Winton's David Harding Offers Insights on Quant Investing

In an interview with Bloomberg earlier this year, Winton Capital Management founder and quantitative investing pioneer David Harding offered insights on the challenges faced by today’s quants, the competitive environment and the search for new strategies.

Here are some highlights:

  • Systematic strategies have become crowded according to Harding: “With low to zero interest rates, its tough to make money in the hedge fund game at the moment.” However, he added, “that’s what leads to innovation. Anyone that’s complacent is waiting to have their head handed to them.”
  • The hedge fund industry, says Harding, is “evolving like every other industry. Fees have been coming down and firms are being pushed to the wall” and driven towards consolidation.
  • Harding explains the steps that Winton is taking to innovate: “We’ve always hired and trained a lot of scientists and maintained sophisticated computing networks.” In recent years, he added, Winton has begun using cloud-based computing, which has allowed the firm to “do a lot of things we weren’t able to do before,” including increasing portfolio sizes from 1000-1,500 stocks to upwards of 7,000 stocks.
  • When asked whether all systematic strategies will become too crowded to be effective in the future, Harding responded, “I don’t think so….I see a better model as a jungle where creatures emerge and thrive and eat each other and life moves on and the whole system evolves.”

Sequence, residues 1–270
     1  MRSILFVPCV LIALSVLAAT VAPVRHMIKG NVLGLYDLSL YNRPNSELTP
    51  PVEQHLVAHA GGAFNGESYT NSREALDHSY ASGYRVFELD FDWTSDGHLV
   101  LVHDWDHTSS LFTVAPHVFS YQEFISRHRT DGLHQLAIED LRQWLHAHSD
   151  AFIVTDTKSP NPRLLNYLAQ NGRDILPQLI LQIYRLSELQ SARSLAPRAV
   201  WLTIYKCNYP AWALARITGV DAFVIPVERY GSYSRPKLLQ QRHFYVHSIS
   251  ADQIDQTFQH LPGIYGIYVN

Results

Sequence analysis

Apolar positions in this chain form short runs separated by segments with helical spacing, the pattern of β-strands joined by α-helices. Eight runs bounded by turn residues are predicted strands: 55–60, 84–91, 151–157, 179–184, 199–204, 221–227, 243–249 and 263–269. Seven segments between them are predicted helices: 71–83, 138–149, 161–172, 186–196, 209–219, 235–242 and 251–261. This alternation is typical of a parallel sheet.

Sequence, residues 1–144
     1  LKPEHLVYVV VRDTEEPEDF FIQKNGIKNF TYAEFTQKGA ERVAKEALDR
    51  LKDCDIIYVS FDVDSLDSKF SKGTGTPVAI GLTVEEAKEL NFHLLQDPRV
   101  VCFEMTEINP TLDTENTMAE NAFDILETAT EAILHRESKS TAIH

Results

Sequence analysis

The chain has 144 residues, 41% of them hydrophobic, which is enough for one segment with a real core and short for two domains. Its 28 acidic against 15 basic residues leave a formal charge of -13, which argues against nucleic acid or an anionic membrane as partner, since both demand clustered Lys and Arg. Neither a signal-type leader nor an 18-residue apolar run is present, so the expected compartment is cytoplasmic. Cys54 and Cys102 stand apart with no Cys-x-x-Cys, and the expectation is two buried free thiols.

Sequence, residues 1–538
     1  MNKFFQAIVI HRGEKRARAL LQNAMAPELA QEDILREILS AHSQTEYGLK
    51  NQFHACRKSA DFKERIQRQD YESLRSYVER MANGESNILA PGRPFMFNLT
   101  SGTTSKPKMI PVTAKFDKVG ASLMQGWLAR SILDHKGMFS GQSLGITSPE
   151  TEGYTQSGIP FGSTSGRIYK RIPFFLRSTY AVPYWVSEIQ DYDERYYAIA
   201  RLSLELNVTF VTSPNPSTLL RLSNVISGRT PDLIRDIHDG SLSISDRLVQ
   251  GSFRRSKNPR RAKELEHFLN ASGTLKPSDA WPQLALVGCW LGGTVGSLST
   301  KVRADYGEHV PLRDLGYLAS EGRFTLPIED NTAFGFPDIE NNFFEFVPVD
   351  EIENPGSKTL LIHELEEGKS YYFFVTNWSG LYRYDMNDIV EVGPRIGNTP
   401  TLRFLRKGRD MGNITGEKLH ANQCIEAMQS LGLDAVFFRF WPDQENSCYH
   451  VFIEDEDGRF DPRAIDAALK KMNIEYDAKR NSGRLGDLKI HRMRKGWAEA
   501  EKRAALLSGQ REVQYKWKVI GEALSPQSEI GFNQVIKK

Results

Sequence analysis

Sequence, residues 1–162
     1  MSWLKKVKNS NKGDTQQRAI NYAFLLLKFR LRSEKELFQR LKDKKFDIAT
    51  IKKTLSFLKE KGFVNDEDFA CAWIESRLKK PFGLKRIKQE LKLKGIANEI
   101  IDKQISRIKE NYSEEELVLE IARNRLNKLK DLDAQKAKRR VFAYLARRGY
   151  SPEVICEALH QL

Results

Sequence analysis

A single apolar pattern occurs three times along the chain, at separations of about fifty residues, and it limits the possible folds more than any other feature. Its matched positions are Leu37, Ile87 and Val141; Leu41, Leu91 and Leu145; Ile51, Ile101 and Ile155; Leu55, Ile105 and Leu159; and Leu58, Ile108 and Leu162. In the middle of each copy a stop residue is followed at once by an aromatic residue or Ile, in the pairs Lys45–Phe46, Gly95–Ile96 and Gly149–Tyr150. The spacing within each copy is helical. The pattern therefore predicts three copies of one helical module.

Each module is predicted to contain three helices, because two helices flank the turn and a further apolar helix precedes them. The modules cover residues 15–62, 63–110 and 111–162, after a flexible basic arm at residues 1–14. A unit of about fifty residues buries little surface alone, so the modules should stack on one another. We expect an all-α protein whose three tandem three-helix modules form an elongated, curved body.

• While he believes the market is not offering as many mispricings as it once did, Harding says there are bright prospects in the future for quant firms. “Markets aren’t suddenly going to become efficient,” he said, “and suddenly all quantitative strategies are going to disappear. It’s going to be a battle with ever-rising stakes.” The industry, he added, is “fiercely and relentlessly competitive.”
  • Harding emphasizes that while all the firm’s strategies are systematic, they are all “governed by people. We write a program and we run the program. We don’t put hoods over our heads and sit in the dark while the program runs.”
  • Artificial intelligence (AI), says Harding, is “one-part reality and nine parts hype.” Generalized human intelligence, he argues, is “not something computers are going to master anytime soon.”
  • Harding is not surprised by the level of market volatility we’ve seen in the past couple of years. “Stock markets go up and down a lot,” he says. “It’s one of the things that they do. The idea that the markets are getting more volatile is a silly idea, really.”
  • Although Harding says he is “one hundred percent confident” that his firm will be able to discover something totally new, it remains to be seen if that will translate into huge returns: “When Mark Zuckerberg was writing his program in his dorm room,” he says, “the fact that the program might be worth a trillion dollars was too surreal. The future is undetermined. Anything is possible.”
  • “Applying math to investment markets through modern technology is very much a business of today and its not about to be arbitraged into non-existence,” Harding contends, adding that asset managers are going to have to prove that they’re adding value more than before. “In the old days,” he explains, “managing money was all about relationships. Now, there are a lot of data and statistics and a lot of people are evaluating the performance of investment managers.”